Wednesday, 31 January 2001 09:00

Shops profit from being environmentally responsible

Written by Dick Strom

A friend who once drove a bread-route told of a true incident involving one of his customers of former days who was the proprietor of an old country store with the typical outhouse alongside. One day, as the storekeeper sat in his privy leisurely finishing a cigar while reading a newspaper, he dropped the cigar butt into the depths below. In an explosive flash, he was propelled through the privy's wall and deposited on the nearby road, black and blue and, shall we say, exposed. Seems a backyard mechanic, employing disposal methods common to that era, had dumped several gallons of stale gasoline down this outhouse. In addition to public exposure, today the consequences of waste disposal impropriety often include serious fines, restitution and even imprisonment. 

Accepting environmental responsibility

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Public acceptance of environmental responsibility has been a slow process. Not long ago in my county a shipyard built a steam plant designed to be fueled primarily by incinerating all the garbage from three large neighboring counties. It would have been a clean burning, efficient, mutually profitable means of trash disposal and source of steam, but my county's commissioners nixed it, forcing the shipyard to fuel entirely with other fuels, while these three counties continue buying and filling new landfills.

Hanford Nuclear Reservation, toxic waste dump for the world, isn't far from my home, and Eagle Harbor, at one time on the EPA's list of ten most polluted bodies of water, is within three miles of my shop (so much for the "Pristine Northwest" myth).

Thinking green

But the times are changing, and with them the way you and I will do business. If you harbor doubts that everyone around you is becoming environmentally conscious ask yourself, when was the last time a customer questioned the "environmental charge" line on your estimate? Like it or not, "thinking green" will become a fact of your life and mine. Remembering that money is still the supreme motivator of the auto repair industry, consider the following.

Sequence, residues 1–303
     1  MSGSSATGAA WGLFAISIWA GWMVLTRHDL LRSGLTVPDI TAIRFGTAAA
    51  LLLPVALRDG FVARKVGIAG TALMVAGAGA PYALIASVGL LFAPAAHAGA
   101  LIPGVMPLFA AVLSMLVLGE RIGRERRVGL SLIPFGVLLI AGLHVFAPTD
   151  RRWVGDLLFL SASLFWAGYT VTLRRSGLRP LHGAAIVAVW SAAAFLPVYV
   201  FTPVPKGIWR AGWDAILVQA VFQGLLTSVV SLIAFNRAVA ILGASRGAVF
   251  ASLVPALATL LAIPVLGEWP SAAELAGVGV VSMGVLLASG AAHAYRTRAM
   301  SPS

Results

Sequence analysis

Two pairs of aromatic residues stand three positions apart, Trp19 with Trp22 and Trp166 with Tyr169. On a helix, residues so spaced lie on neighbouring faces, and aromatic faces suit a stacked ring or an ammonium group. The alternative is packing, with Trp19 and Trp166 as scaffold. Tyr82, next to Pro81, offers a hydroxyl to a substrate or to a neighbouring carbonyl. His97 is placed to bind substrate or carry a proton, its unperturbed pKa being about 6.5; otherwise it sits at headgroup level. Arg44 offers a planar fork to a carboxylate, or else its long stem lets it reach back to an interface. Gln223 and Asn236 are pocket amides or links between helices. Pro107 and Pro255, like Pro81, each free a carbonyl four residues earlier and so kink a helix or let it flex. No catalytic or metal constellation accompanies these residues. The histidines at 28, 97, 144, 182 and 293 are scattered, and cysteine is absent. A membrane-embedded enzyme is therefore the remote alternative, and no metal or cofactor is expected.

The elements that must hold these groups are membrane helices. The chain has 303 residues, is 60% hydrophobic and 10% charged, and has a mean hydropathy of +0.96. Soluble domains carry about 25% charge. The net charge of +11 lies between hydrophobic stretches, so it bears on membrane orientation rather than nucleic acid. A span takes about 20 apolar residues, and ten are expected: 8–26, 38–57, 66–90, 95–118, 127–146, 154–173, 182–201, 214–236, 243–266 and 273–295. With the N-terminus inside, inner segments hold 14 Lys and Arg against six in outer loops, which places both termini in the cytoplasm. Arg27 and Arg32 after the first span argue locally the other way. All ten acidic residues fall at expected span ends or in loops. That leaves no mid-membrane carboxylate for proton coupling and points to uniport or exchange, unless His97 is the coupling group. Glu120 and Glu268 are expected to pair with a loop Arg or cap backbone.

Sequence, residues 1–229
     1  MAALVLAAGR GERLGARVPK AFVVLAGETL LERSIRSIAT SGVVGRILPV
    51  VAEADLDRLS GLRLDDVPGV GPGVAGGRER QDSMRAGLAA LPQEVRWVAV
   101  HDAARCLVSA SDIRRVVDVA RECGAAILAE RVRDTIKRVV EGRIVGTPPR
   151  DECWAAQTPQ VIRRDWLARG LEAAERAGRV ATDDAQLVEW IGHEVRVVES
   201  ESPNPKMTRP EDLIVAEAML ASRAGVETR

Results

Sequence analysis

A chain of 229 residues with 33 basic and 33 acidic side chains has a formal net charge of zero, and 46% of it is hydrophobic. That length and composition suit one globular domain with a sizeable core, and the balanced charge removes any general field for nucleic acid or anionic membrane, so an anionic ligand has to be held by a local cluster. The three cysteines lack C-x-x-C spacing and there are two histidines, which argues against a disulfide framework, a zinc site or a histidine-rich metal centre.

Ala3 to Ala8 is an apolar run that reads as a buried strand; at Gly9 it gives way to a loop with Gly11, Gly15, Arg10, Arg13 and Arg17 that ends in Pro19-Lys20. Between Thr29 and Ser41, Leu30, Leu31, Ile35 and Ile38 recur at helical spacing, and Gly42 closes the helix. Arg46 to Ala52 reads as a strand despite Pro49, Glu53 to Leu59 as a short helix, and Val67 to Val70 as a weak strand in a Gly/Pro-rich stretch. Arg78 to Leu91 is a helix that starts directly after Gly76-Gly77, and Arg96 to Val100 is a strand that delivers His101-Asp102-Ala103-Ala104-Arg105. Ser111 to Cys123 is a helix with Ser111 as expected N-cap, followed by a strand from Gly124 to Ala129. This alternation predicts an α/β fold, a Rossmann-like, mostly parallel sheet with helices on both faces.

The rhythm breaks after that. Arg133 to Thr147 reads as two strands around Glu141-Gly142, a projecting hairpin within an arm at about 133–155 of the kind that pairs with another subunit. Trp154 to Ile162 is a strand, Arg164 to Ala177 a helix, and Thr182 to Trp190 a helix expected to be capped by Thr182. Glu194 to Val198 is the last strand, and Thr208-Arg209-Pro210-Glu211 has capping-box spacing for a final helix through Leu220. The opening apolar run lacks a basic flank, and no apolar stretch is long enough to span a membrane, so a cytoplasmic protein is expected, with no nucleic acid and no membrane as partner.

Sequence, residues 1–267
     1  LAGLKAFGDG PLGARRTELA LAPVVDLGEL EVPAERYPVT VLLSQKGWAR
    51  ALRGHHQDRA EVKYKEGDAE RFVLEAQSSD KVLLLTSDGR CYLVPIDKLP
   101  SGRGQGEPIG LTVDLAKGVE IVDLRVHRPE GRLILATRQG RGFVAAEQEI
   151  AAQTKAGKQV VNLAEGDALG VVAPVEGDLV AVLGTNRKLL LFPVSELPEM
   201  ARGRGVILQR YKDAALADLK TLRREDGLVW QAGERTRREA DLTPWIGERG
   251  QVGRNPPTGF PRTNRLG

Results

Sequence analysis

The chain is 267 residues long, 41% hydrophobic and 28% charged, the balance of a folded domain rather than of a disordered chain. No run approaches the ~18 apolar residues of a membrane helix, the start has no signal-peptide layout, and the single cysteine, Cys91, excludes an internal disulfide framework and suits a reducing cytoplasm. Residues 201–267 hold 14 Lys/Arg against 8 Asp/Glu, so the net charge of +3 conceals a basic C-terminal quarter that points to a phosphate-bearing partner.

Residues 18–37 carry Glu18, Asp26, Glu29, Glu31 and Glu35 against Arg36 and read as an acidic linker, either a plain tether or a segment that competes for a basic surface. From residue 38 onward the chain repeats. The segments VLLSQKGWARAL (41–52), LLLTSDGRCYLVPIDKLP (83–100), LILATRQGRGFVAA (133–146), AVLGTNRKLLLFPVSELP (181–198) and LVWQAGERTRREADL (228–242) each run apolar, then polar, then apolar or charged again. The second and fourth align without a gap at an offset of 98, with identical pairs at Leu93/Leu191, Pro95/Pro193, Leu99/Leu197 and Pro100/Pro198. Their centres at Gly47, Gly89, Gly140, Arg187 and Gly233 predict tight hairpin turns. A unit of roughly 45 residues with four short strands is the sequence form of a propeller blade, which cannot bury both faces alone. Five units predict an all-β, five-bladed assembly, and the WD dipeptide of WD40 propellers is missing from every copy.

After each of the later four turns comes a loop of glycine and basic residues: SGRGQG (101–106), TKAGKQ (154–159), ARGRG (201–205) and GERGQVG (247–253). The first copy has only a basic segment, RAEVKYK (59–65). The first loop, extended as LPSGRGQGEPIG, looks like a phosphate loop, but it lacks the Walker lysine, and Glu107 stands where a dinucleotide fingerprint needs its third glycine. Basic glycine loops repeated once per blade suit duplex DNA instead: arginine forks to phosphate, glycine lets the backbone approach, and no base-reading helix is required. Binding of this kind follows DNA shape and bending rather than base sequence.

Many shops have found ways to turn ecological mandates into opportunities that increase, rather than deplete, their bottom line. A workable recycling/environmental program entitles you to profit from your efforts by advertising them to your customers. In our office is a framed list of the waste products we regularly recycle, and the good will that list brings is priceless. Recently while computing an estimate, the potential customer's eyes focused on an "Earth Day" award we received for business recycling. After briefly describing our efforts, she stated that if we are that concerned about the environment, we had her business, and that she'd also tell her friends about our program. Thinking and advertising "green" has gotten the business of many over the years.

Saving money by thinking green

Though our shop production has increased significantly over the past 10 years, we've managed to reduce the amount of our land-fill waste to half what it was back then, a savings of around $2000/year in garbage service, by making some simple changes. Remember that one man's trash is another man's treasure. Many of the products we typically view as expensive wastes are profitable employment to others. Free information is available from local environment-conscious organizations concerning steps you can take to reduce your trash output while not eroding your bottom line.

Make your environmental efforts employee-friendly. A key to a workable, efficient shop environmental plan is to designate separated areas for accumulation of wastes such as cardboard, scrapmetal, aluminum, tires, batteries, and the like, as close to the point of origin as possible.

Try to establish exclusive agreements with contract haulers. For instance, a hauler might remove all your sheet metal for free if you give him all the aluminum and good stuff. Shop around for the best deal.

Make sure your haulers are legally disposing of your wastes.

Years ago, a Northwest shop owner who entrusted the wrong person with disposal of his paint wastes was fined several hundred thousand dollars, and spent two years in prison for hazardous waste dumping.